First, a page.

The dormant creatures featured include trees, ladybugs, Arctic ground squirrels, chickadees (dormant for a few hours on cold winter nights), alligators, and earthworms (dormant when it’s too dry).

Here’s how the book finishes off:

If you were dormant, you would be…
silent,
still,
waiting,
just waiting,
until…

maybe the spring,
maybe the warmth,
maybe the rain
helps you…
stir,
burst,
appear!

This is a simple and clear science presentation for very young learners. There are more details at the back, including different types of dormancy.

marcieatkins.com
lernerbooks.com

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Review of Crazy Contraptions, by Laura Perdew

Crazy Contraptions

Build Rube Goldberg Machines That Swoop, Spin, Stack, and Swivel
With Hands-on Engineering Activities

by Laura Perdew
illustrated by Micah Rauch

Nomad Press, 2019. 122 pages.
Review written April 13, 2020, from a library book
Starred Review

This is another book I’d planned to booktalk in 2020 but hadn’t actually gotten around to reading until the library closed for the pandemic. I still hope to booktalk it some day, and I’d even like to do a Rube-Goldberg-Machine-Building program inspired by its approach.

This is a book that teaches kids how to make Rube Goldberg machines, or I should say inspires kids to create their own Rube Goldberg machines.

I love the approach. First, they start with the overall concept and tell about Rube Goldberg. But then they present each of the six types of simple machines and suggest activities of trying out that type of simple machine in your own creation.

For example, here’s the first activity in the Inclined Planes chapter:

Use an inclined plane and something that can roll or slide down the plane to knock over an object. Yes, this is a ridiculous little task! That’s what crazy contraptions are all about.

With each activity, they have the reader brainstorm ideas and supplies, draw a plan, build, test, evaluate, and possibly redesign.

The next exercise has you build a pyramid and use two inclined planes to knock it down.

Further activities include ringing a bell using both a lever and an inclined plane, watering a plant using a homemade conveyor belt (with wheels), rolling dice using at least one inclined plane, one lever, one wheel and axle, and one pulley, and launching a boat with a contraption that includes a wedge that separates or splits two things apart.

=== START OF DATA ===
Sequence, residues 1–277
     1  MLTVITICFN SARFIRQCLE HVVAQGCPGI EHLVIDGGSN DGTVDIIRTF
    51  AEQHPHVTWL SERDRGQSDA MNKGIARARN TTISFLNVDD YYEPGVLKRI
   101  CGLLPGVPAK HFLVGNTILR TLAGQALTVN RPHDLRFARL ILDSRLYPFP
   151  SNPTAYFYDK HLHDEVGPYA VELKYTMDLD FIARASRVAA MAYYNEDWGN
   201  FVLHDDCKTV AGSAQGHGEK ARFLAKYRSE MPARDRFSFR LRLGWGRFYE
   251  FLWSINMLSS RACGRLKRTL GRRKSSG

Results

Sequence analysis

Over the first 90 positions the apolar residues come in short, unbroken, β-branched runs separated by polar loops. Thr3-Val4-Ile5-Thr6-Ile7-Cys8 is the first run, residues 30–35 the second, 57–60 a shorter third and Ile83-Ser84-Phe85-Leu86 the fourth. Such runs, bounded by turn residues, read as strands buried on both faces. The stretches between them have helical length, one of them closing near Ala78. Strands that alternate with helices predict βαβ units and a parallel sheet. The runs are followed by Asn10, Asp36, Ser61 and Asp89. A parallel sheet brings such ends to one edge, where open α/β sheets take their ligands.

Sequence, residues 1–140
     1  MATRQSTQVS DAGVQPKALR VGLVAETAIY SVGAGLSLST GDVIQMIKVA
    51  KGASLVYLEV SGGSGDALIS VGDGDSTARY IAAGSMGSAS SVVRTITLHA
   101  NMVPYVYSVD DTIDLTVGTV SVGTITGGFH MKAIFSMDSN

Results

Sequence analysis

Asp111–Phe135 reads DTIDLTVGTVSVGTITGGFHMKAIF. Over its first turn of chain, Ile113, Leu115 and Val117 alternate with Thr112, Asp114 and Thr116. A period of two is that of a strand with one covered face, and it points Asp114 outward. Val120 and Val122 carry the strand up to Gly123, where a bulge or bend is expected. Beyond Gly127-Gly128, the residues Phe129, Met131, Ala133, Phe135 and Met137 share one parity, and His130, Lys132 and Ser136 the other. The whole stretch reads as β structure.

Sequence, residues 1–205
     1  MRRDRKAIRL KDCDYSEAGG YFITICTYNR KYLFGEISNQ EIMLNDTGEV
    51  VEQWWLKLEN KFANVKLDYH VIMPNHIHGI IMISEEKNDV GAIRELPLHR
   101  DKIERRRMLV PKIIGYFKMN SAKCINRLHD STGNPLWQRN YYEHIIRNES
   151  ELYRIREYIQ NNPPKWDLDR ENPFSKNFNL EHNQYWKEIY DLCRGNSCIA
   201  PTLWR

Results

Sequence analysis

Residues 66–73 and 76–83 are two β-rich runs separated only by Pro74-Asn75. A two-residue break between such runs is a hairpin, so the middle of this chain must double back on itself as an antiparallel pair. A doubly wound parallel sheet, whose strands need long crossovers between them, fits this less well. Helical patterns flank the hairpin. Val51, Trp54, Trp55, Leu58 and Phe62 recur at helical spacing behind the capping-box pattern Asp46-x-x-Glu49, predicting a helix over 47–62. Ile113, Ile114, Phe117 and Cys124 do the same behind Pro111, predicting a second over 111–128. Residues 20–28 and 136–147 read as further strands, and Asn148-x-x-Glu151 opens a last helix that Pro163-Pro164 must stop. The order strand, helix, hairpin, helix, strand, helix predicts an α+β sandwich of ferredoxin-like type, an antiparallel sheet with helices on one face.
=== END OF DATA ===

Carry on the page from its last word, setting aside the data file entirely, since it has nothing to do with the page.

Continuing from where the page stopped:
Challenges at the end include making a over-sized contraption in your yard and making a micro-sized contraption that you can fit in a box.

It’s all fun and playful and just packed with science. There are QR-codes linked to videos that demonstrate related principles. I confess I didn’t follow the QR-codes, but kids who do will become even more engaged.

I went through a time when I was a kid that I loved making domino runs. This book will take kids far beyond that. Perfect for kids who like to tinker.

nomadpress.net

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Review of What Linnaeus Saw, by Karen Magnuson Beil

What Linnaeus Saw

A Scientist’s Quest to Name Every Living Thing

by Karen Magnuson Beil

Norton Young Readers, 2019. 256 pages.
Review written January 14, 2020, from a library book.

This book is a middle school and up biography of Carl Linnaeus, who founded the science of taxonomy by coming up with a system to classify and name all creatures on earth. He even thought at the time that he could complete this task. But in his attempt, he furthered scientific progress tremendously by giving scientists all over the world a way to know they were talking about the same animals.

Carl Linnaeus was born in 1707 in Sweden. His parents badly wanted him to be a pastor, but he wasn’t suited for that at all. He headed into medicine, much to their disappointment – being a medical doctor wasn’t a respected profession at that time. But it was a profession suited for someone obsessed with botany, the study of plants. At those times, doctors made their own medicines. His study of plants and his methodical nature ended up changing the world.

Part of what’s so interesting about this story is how differently the world was seen in those days. Something that earned Linnaeus fame was determining that the Seven-Headed Hydra of Hamburg was a fake. I love that it took a scientist to figure that out!

The book is full of illustrations, and many of them are reproductions from Linnaeus’s notebooks. There are sidebars with interesting notes, and the story of his life is told in an engaging way. This is an interesting story about someone I never before realized was so important.

nortonyoungreaders.com

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Source: This review is based on a library book from Fairfax County Public Library.

Disclaimer: I am a professional librarian, but I maintain my website and blogs on my own time. The views expressed are solely my own, and in no way represent the official views of my employer or of any committee or group of which I am part.